I love drawers. I do not love drawer glides. Drawer glides are going to be the death of me. It’s going to have to be a write in on my death certificate. Cause of death: drawer glides. But those come later…first we need to build some drawers.
I used to build drawers like I did in Pip’s storage bed. I don’t think I will put them together like that again. In this version I assembled the sides and then nailed on the bottom, whereas for the storage beds the bottom was inset. The only cost I had for these was the 1×2 drawer faces, glides, and the knobs–all the rest was scrap plywood from other builds!! Love. That.
So to build the drawers the easy way, first you cut the boards so that the sides are the width you want the drawer to be. Then the front and back pieces are the length you want the drawer to be minus your (plywood width x 2). So I want a drawer that is 14 width x 15.5 length. My sides would be 14″ and my front and back with 3/4″ plywood would be 14 also (15.5-1.5= 14).
To assemble this quickly, I modified an idea I saw on Pregnant With Power Tools. She uses scrap wood to make a jig for holding your wood square while you assemble. I had the idea to use some of these Rockler assembly squares screwed down to my workbench instead. Use Pregnant with Power Tool’s idea if you don’t have the Rockler squares. If I didn’t have the Rockler version, I would definitely build the scrap wood jig (being sure it is absolutely square) and save it after for future projects. Very handy!
Use these to hold the drawer sides together while you glue and nail them in place. Keep the bottom always on the bottom when assembling (you want any variance in length to be at the top of the drawer) and nail through the sides into the front and back. That way the stress of pulling the drawer open will not cause you to someday pull off the front of the drawer (thanks for that tip, Sandra!).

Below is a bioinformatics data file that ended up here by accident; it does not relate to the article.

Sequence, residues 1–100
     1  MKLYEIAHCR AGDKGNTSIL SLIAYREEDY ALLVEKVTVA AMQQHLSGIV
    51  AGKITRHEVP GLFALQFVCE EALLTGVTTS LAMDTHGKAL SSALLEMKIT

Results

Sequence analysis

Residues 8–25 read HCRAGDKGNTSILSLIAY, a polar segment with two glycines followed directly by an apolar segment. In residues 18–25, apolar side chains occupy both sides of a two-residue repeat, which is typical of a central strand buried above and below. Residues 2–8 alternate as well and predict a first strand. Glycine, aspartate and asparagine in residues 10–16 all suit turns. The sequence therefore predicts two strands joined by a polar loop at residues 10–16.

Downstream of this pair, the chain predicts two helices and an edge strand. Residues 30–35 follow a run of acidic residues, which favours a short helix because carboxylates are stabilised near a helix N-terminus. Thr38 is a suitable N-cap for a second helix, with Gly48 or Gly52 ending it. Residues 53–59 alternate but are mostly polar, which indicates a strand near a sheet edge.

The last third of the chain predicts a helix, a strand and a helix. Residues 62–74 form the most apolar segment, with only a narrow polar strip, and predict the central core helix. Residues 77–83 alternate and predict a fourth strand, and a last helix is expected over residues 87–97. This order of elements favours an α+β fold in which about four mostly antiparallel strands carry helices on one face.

I used 16 gauge 2″ nails in my pneumatic nail gun. If you don’t own one, countersink some screws instead (and not 2″ screws–1.25″ would be plenty). But I would only use screws if you are using 3/4″ plywood because 1/2″ plywood probably is too thin. For these drawers I could have used 18 gauge nails at 1.25″ because the drawers are not big and can’t hold a lot of weight because of that. If your drawers are deep, I would put a corner clamp (these are the ones I own and this is an affiliate link) on the drawer top before nailing it together as well, but I didn’t do that for these drawers.
Now cut your drawer bottoms to cover the entire bottom of the drawer. I used 1/4″ plywood, but I would only do that on smaller drawers. Make sure you account for the added height of the drawer with the bottom on it when you are deciding drawer openings. Once I had the bottoms cut, I put my corner clamps on the sides. This automatically squared the drawer up to nail on the bottom (and they were not square before I did this–I checked). Once they were tightened, I flipped the drawer over and glued and nailed the bottom on. I used 18 gauge nails for the bottom.
And now you have a nice and square drawer! Being precise is essential with drawers–both in building the drawer and the cabinet that it is going in. The drawer cannot operate smoothly otherwise.
**Update March 2, 2012** I would only build these drawers if you are using European drawer slides that you screw into the side bottoms of the drawers. That means that the drawer is resting on the slides. If you are going to use side-mounted slides, I would use a different method of construction because the weight of the items in the drawer has the potential to eventually cause the bottom of the drawer to fail.
Next post is the dreaded drawer glides. Actually, I found an idea on the internet from Woodsmith that made the drawer glide installation really easy. But then my sixth drawer didn’t fit with the initial installation of the glides. And it all glided downhill from there…ha ha! (I can joke about it now that the trauma is wearing off…)
What is your dreaded task with DIY?